It takes many hours to hand-craft an exquisite Parmigiani watch
BY TONY WHITNEY
In the opulent world of fine Swiss watches, there are many fabled brands, some of which date back more than a century. But it is a relative newcomer that’s been capturing attention recently:ParmigianiFleurier.
The company was launched less than 20 years agoby the Swiss horologist Michel Parmigiani, whose background includes years of work restoring historical mechanical clocks and watches.
“After graduation in 1974, I was hesitating between becoming an architect or a watchmaker, but curiosity made me decide to become a watchmaker,”Parmigiani says.
He says he was inspired by his country’s venerable history of watchmaking. In Val-de-Travers, the area of Switzerland where he lived, there was a school specializing in the craft. “At that time, there were 40 families involved in watchmaking,” he says, adding that in earlier times, people in rural areas often divided their time between farming and watchmaking. “I was always fascinated in the watchmaking heritage of the regionand decided when I opened a workshop in 1976 to focus on restoration, which sometimes involved pieces four or 500 years old.”
During that time, the quartz revolution was devastating the mechanical watch industry and many watchmakers went out of business.
Parmigiani says restoration was an alternative to manufacturing. “I worked on old pieces that amazed me for their quality and precision,” he recounted in a recent interview while visiting Canada. “I was surprised that watchmakers many decades ago were able to produce such precision, which even today is a challenge.”
Parmigiani soon began creating unique pieces for collectors. One of his best restoration clients was a wealthy collector in Switzerland whom he first met in 1980 and who later encouraged the young craftsman to create his own brand.
ParmigianiFleurier was launched in 1996. “We stay true to our founding values, namely the restoration of artifacts from the past and the ability to draw knowledge from this heritage to create the mechanical constructions of the present,”Parmigiani says.
The company is the only premium watch manufacturer to operate a restoration department. SaysParmigiani: “For many of the world’s top watchmakers, Parmigiani is the only restoration shop that they will use.”
Fleurier, on the edge of the Jura Mountains, has been one of Switzerland’s watchmaking epicentres for many decades.
Parmigiani created a sensation in 2006 when he produced the Bugatti Supersport driving watch, inspired by that automaker’s $2.5-million Veyron supercar. The watch, of unorthodox design, won awards around the world for its craftsmanship and originality; the first one made was given to American fashion magnate Ralph Lauren, a car fan and Bugatti owner.
Currently, Parmigiani offers several haute horlogeriecollections that includeeverything from sports watches with numerous special features to simple designs inspired by mid-20th-century styles.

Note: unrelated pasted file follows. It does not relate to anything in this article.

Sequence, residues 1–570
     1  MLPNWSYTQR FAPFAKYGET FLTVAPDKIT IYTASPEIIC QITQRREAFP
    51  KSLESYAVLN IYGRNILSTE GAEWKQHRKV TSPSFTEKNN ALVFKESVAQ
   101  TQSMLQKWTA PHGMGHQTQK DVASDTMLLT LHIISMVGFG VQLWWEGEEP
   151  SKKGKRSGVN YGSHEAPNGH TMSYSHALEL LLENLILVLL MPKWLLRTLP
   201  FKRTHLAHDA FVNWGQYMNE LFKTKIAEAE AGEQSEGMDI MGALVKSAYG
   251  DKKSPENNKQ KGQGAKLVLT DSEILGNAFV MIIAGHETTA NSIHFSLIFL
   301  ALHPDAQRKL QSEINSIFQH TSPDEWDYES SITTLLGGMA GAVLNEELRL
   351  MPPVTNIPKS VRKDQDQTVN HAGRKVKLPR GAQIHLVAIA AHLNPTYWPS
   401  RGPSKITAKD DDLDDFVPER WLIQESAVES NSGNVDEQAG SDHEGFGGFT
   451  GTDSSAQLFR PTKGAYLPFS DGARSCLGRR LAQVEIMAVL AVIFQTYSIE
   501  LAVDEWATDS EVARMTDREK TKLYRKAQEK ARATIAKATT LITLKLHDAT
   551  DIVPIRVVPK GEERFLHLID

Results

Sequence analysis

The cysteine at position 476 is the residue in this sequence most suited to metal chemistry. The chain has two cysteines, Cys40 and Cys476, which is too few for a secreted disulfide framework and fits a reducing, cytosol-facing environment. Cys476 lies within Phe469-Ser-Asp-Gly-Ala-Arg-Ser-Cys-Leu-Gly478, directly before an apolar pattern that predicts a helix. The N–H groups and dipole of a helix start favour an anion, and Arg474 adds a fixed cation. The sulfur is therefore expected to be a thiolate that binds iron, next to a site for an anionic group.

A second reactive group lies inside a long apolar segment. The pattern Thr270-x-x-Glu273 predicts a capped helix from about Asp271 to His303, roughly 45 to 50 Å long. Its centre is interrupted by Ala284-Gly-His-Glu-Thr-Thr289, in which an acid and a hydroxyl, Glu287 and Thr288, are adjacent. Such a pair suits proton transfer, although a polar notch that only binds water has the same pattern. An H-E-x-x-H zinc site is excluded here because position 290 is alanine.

More than 95 per cent of the watch components are produced in-house. Each watch is hand-made and takes about 400 hours to create. The company ensures exclusivity by restricting annual production to 6,000 pieces.
Parmigiani is eager to increase his company’s selection of women’s watches, which would buck the industry standard of producing more products for men.“Right now, the mix is 60-40 (per cent) in favour of men’s watches,”he says. “But our aim is to make this 50-50, partly because women are showing more interest in mechanical movements nowadays.”
The OvalePantographeis typical ofParmigiani’s work. The watch has an oval face and the hands intriguingly telescope to follow the hour numbers accurately. “My inspiration came from a 200-year-old pocket watch I was restoring with hands that expanded and contracted to fit the face,” Parmigiani says.
He applied the technique to the modern timepiece. “Each hand on the Ovale has 31 individual pieces,” he says. As with all Parmigiani watches that have leather straps, the band on the Ovale is produced for the company by Hermès.
One of Parmigiani’s most technically sophisticated products is the Tonda 1950 Tourbillon, which uses the most complex and difficult-to-produce extra features in watchmaking. Tourbillons were developed during the 19th century to enhance pocket watch accuracy and are exceptionally difficult to manufacture, which is reflected in their cost. They take many hours to create and assemble. The result is a highly accurate timepiece with its tourbillon visible through the face crystal and its operation looking, as Parmigiani points out, “almost like the watch’s beating heart.”
Such timepieces have earned Parmigiani widespread respect among premium watchmakers, horological enthusiasts and collectors worldwide.